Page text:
Sunday, October 13, 2013

Social Media Analytics Overview and Value Metrics



Social media is a emerging medium to understand real-time consumer preferences, sentiments and intentions. Social media analytics is the tool to uncover the customer sentiments from social media dispersed across online sources.
According to Gartner’s Definition, Social analytics is monitoring, analyzing, measuring and interpreting digital interactions and relationships of people, topics, ideas and content. Interactions occur in workplace and external-facing communities. Social analytics include sentiment analysis, natural-language processing and social networking analysis (influencer identification, profiling and scoring), and advanced techniques such as text analysis, predictive modeling and recommendations, and automated identification and classification of subject/topic, people or content.


What your Management is Looking for?

The management wants to hear how the organization strategies, initiatives and business goals performing over a specific period of time. Social Media Analytic helps your organization answer many questions like:
  • What are consumers saying and hearing about my brand/Company? Is my reputation affecting?
  • Which initiative/effort has the greatest impact? 
  • What are the most talked about product attributes in my product category? 
  • Is the product/service feedback good or bad?
  • Competitor insights
  • Customer growth metrics
  • Customer Quotes
  • Customer Action Taken


Social Media Analytics Value Metrics


Social media analytics solutions in general can help your business by

  1. Capture consumer data from social media to understand opinions, attitudes, trends and manage online reputation
  2. Predict customer behavior and improve customer satisfaction by recommending next best actions
  3. Create customized campaigns and promotions that resonate with social media participants
  4. Identify the primary influencers within specific social network channels

Here is the Detailed Social Media Analytic value metrics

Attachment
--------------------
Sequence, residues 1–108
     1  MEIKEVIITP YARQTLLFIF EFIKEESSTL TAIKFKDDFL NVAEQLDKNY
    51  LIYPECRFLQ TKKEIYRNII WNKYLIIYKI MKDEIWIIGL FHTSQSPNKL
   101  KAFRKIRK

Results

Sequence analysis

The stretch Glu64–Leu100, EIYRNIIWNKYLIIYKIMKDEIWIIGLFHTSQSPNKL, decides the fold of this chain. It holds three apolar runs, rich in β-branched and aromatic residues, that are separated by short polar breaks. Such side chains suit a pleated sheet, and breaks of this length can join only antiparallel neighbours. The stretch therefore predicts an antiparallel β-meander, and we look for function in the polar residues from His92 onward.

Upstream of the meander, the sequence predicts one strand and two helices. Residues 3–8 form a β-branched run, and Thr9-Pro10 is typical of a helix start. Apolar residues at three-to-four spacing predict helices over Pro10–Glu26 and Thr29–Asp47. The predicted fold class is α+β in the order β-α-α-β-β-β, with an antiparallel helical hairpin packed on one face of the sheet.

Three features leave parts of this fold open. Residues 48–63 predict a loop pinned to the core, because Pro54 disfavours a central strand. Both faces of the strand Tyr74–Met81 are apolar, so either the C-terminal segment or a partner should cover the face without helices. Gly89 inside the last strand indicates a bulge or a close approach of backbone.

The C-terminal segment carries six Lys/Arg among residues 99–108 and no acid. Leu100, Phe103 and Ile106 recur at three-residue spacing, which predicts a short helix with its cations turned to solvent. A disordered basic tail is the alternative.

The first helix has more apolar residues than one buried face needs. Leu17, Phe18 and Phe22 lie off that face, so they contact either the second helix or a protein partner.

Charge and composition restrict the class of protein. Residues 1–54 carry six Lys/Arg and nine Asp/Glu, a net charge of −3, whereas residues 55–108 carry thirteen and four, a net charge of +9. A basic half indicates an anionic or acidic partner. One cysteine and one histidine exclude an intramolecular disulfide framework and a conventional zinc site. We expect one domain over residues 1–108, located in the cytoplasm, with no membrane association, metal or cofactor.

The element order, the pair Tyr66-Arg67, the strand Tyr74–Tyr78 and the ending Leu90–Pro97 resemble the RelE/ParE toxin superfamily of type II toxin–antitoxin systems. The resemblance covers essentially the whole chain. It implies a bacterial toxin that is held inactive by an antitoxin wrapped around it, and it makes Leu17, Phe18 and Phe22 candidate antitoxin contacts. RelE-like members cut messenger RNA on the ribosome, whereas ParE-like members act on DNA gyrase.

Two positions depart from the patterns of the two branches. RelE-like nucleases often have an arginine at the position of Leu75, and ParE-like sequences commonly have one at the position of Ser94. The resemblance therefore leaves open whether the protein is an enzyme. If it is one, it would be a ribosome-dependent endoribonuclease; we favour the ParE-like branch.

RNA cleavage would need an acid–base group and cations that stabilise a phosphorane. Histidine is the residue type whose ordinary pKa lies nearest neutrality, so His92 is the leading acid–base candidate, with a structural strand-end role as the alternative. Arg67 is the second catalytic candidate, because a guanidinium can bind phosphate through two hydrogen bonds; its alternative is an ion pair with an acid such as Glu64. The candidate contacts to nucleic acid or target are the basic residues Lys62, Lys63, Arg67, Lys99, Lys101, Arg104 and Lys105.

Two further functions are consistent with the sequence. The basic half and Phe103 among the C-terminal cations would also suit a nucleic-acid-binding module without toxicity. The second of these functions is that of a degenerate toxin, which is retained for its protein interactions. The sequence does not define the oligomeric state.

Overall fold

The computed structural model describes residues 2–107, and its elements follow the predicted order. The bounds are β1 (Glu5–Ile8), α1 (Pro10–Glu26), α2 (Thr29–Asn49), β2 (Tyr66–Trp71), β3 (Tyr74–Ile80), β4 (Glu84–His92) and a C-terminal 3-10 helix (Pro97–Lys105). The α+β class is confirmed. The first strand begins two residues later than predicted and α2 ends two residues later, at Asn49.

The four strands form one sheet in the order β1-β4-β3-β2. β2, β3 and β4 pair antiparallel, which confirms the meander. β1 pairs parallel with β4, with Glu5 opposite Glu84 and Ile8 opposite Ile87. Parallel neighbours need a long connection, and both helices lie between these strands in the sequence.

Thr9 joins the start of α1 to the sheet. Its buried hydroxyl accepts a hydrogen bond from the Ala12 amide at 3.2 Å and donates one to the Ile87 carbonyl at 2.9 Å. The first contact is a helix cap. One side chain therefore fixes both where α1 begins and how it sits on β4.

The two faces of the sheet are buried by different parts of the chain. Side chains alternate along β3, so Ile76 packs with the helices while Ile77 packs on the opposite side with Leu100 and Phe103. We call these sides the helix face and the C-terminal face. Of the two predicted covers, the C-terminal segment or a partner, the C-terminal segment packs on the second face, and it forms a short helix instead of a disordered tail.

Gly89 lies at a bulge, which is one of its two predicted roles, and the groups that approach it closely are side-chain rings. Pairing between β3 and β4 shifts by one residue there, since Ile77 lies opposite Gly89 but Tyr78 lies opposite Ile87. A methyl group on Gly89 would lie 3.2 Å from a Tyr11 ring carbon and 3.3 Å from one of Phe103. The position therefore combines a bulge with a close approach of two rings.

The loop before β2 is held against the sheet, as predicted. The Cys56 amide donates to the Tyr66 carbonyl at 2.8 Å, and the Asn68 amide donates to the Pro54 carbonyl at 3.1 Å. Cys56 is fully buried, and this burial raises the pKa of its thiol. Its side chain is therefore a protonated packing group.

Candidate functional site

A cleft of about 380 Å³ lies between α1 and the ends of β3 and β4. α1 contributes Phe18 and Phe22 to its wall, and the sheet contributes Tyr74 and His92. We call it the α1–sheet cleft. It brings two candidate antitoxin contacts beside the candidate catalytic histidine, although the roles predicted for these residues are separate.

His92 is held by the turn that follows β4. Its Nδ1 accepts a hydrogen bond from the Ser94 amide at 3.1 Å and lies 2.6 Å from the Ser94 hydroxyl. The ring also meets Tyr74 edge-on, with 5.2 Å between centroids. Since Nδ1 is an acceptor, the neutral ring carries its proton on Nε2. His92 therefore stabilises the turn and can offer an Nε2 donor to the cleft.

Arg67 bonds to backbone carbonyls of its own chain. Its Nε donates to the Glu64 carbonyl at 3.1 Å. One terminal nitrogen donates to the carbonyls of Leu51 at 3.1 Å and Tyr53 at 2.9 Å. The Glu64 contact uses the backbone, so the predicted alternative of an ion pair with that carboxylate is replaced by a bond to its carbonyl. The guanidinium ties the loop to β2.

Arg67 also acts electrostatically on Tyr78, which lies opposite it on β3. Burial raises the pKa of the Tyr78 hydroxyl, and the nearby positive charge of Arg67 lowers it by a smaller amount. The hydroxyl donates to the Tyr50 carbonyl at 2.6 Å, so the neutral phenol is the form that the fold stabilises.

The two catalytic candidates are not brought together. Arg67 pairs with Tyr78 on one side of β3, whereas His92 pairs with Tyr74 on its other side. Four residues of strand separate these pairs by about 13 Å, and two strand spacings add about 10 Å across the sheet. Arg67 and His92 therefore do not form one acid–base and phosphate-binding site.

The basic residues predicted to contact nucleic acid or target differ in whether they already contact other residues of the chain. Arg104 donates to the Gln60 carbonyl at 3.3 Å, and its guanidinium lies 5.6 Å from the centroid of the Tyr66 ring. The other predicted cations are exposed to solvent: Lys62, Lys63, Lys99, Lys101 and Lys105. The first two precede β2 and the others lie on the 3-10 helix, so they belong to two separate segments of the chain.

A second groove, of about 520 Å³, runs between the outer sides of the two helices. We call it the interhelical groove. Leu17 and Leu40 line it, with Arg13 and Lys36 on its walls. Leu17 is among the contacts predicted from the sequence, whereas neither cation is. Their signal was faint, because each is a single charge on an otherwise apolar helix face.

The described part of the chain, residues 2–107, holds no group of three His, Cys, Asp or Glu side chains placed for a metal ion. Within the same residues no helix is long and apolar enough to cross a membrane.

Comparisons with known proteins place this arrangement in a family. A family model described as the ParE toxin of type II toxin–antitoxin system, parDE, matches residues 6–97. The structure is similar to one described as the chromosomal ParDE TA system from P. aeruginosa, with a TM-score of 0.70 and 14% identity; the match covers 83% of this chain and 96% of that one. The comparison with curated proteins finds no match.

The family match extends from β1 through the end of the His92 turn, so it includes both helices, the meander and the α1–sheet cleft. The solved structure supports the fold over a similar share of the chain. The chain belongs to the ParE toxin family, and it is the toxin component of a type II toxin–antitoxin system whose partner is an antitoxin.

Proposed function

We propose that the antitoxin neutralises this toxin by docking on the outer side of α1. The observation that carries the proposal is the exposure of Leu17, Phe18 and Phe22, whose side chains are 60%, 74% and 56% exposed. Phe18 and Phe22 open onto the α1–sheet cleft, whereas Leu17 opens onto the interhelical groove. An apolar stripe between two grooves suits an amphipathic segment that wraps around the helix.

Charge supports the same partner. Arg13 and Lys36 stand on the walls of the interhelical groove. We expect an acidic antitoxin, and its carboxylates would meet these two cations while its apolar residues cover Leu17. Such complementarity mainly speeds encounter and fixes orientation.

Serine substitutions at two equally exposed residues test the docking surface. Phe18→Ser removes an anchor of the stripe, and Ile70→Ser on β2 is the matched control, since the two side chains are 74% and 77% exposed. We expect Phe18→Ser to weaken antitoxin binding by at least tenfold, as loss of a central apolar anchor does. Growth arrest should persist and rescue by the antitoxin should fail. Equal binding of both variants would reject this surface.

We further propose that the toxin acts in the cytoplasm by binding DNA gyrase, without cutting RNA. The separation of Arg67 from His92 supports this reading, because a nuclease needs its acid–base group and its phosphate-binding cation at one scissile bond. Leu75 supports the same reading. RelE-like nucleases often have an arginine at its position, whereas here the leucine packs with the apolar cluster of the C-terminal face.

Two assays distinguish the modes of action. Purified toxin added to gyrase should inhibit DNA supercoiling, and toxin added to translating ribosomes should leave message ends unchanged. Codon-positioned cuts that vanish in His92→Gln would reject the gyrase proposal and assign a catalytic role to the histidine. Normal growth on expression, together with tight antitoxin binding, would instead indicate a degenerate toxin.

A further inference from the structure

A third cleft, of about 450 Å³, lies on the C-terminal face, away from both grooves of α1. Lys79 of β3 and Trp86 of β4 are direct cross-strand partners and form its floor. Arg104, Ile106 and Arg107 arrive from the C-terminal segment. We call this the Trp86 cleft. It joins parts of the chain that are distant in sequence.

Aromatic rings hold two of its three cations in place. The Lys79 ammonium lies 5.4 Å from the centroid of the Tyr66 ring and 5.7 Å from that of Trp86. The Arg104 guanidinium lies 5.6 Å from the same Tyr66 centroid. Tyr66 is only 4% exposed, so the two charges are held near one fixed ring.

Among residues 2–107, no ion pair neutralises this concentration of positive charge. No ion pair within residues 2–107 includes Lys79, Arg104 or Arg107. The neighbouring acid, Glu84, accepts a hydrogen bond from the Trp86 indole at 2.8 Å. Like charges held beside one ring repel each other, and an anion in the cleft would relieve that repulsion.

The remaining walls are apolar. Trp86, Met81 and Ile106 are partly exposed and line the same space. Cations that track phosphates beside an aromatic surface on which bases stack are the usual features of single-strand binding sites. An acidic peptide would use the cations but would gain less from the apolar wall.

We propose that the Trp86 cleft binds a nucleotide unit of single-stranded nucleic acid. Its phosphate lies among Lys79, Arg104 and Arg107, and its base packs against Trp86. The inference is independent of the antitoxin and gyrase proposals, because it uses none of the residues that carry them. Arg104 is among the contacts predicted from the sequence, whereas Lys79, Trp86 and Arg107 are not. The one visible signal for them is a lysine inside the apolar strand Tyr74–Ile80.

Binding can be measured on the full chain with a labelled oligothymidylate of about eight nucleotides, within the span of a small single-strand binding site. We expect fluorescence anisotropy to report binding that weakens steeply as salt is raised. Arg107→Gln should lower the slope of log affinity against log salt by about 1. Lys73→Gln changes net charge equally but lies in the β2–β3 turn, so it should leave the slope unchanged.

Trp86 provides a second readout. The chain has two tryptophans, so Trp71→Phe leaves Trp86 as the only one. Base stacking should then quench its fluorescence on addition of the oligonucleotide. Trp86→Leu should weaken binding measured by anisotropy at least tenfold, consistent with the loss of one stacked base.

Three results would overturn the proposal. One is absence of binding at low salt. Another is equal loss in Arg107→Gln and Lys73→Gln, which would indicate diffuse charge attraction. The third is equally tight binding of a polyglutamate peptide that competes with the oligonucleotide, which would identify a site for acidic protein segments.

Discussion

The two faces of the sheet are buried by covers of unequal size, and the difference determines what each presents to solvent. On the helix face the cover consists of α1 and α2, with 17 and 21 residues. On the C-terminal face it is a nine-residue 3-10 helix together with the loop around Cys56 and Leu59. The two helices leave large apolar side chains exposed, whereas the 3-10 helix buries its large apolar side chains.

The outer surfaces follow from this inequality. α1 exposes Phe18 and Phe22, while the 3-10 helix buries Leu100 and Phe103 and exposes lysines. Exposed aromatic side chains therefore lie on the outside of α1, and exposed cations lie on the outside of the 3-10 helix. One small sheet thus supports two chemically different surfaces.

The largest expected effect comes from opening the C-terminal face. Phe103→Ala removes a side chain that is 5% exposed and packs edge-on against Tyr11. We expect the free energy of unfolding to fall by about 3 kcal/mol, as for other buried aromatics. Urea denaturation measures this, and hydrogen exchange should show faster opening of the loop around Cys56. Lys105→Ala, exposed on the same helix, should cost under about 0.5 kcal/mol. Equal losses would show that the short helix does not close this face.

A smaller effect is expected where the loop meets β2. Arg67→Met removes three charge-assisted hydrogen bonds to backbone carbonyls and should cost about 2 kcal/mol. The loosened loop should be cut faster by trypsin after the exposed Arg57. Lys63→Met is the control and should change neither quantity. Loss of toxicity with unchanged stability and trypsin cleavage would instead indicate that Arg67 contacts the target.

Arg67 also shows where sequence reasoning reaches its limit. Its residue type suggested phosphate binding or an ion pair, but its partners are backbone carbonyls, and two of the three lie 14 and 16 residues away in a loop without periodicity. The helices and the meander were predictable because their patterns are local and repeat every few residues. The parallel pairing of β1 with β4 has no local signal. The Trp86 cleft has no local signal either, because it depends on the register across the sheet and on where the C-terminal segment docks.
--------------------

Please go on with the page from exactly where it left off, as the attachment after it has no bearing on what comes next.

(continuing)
Brand Health and Awareness

This is nothing but the measure if how people feel about your brand, talk about and act towards your brand. By measuring the you can mitigate or block crisis and understand the scale of reputational threats and possible opportunities. The brand health can also be a measure of net promoter Score(NPS). NPS is the difference between percentage of promoters and detractors. You will have a positive brand health if the NPS is above Zero. 
  • Sentiment analysis
  • Competitive performance
  • NPS measurements

Sales & Marketing optimization

Marketing and sales divisions can measure how their marketing and sales promotion activities are performing in the market. Based on this organization can understand how the initiatives are influencing purchase behavior, brand perception etc and to plan future initiatives. Suitable correction can be applied for the ongoing initiatives as well for better benefits. Fe examples of marketing measurements are 
  • Campaign measurements
  • Influencer impact
  • Content Performance

Improved Revenue Focus

Social media cannot directly generate revenue. The revenue has to be considered as a combination of tangible components like real revenue and intangible components like generating loyal customers. Social media plays an important role in purchase process and understanding this, you can change the customer intents. But focused and continuous customer engagement and interaction, you can convert the detractors to promoters and probable customers to customers. All these efforts will be resulted in the overall revenue of the organization. Few example measurements are
  • Impact of social media search results
  • Loyalty measurements
  • Revenue

Operational Optimization